There is a lot of talk in the water sector about the "value of water". We want the public to understand it — and pay for water's full cost, including collection, treatment, and delivery — but how many utilities really know the value of their own product? Would you ever think about branding it? Louisville Water Company did.
Called Louisville pure tap®, it's the first and only utility-trademarked tap water. "When bottled water sales began rapidly rising in the 1990s, we wanted to send a message that Louisville’s tap water is just as good — actually, it’s even better — than the expensive, less-regulated bottled products," the utility explains.
You can find the logo on water bottles, cups, and coolers throughout Louisville, served in restaurants, businesses, and at community events.
Proving just how far ahead Louisville Water is on showcasing the “value of water” to its community, the utility celebrates 21 years of Louisville pure tap® in 2018, with events during Drinking Water Week.
Of course, you have to produce high-quality, great-tasting drinking water to be so bold. The work comes before the pride, and the pride is not unfounded. Louisville Water’s Crescent Hill Filtration Plant is one of just 16 plants in North America earn the Partnership for Safe Water’s Phase IV “Excellence in Water Treatment” Award, claimed in 2015. Furthermore, Louisville Water is one of only two utilities to have multiple plants win the prestigious award, with its B.E. Payne Water Treatment plant honored in 2010.
How Do They Do It?
It starts at the source — the Ohio River.
Louisville Water Company is lucky in that they use just 1 percent of the river’s flow on a daily basis, so volume is no issue, but the utility sought to innovate and improve the way they draw from the source. The result was the Riverbank Filtration Project, the largest collector well project in North America and the first in the world to combine a gravity tunnel with wells. Completed in late 2010, the tunnel is 1.5 miles long and 150 feet below the surface, running parallel with the river. Four wells collect water from above and send it through the tunnel to the B.E. Payne plant. Because it’s a cleaner source, far from surface water pollutants and aided by sand and gravel filtering of microbial contaminants, the water requires less treatment and is thus a greener process. Treatment also gets a boost from the consistent water temperature — roughly 55 degrees — compared to Ohio River surface water temperature that fluctuates from freezing to 80 degrees and could wreak havoc on pipelines.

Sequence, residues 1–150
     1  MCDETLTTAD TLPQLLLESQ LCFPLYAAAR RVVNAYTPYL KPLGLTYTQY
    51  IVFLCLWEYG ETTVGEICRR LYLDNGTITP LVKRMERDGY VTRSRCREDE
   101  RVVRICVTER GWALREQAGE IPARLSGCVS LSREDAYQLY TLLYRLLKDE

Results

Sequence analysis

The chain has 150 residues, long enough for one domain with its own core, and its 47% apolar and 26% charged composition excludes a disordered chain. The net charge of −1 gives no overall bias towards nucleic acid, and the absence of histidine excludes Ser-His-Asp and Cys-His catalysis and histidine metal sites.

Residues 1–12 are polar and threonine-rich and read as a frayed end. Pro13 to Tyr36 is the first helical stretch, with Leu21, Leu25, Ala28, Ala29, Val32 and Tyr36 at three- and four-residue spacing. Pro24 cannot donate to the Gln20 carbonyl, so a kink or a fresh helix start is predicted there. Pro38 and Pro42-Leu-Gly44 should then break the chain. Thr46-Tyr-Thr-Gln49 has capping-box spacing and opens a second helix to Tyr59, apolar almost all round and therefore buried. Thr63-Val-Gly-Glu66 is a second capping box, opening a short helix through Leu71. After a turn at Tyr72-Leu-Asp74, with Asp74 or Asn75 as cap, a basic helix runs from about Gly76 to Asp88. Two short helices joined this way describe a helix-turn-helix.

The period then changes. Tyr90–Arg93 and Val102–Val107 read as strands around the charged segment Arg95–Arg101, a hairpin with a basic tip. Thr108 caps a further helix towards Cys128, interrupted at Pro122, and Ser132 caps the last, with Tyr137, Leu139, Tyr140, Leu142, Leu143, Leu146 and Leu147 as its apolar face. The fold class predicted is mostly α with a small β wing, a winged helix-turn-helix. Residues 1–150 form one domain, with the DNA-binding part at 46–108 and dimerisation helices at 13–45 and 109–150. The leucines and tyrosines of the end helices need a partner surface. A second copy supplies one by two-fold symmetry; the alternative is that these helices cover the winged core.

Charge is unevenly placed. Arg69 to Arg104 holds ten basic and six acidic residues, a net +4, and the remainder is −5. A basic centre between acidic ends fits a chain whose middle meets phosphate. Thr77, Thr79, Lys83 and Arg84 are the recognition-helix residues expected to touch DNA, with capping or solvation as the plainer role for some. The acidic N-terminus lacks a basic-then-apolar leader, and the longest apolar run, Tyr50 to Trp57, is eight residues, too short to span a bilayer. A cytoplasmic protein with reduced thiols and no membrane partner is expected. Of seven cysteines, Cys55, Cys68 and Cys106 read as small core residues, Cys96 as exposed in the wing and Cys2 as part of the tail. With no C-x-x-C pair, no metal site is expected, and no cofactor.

In the end — at the tap — the $55-million endeavor has paid off, delivering award-winning water quality for Louisville Water consumers. The utility has also earned recognition for the project itself, receiving the “Outstanding Civil Engineering Achievement Award” from the American Society of Civil Engineers in 2011.
A hallmark of innovative thinking is an eye toward the future, and Louisville Water Company is ready for it. The utility says it can double its daily production almost instantly, providing enough reserve capacity to supply 35 automotive manufacturing plants. Although a hypothetical, it speaks to Louisville Water’s commitment to community sustainability and water resource sustainability — which happen to be two of the 10 attributes of Effective Utility Management (a closer look would reveal that Louisville Water displays all 10). This performance benchmarking framework is utilized by Louisville Water for financial, facilities, and capital improvement planning, and was instrumental in the utility receiving the Sustainable Water Utility Management Award from the Association of Metropolitan Water Agencies in 2016.
Great work deserves such recognition, and awards help publicize efforts that might otherwise go overlooked. Part of solving the “value of water” problem as it relates to the public is asserting the value of utilities, and the very best utilities — by their outreach and impact — refuse to go unnoticed.
Louisville pure tap®, anyone?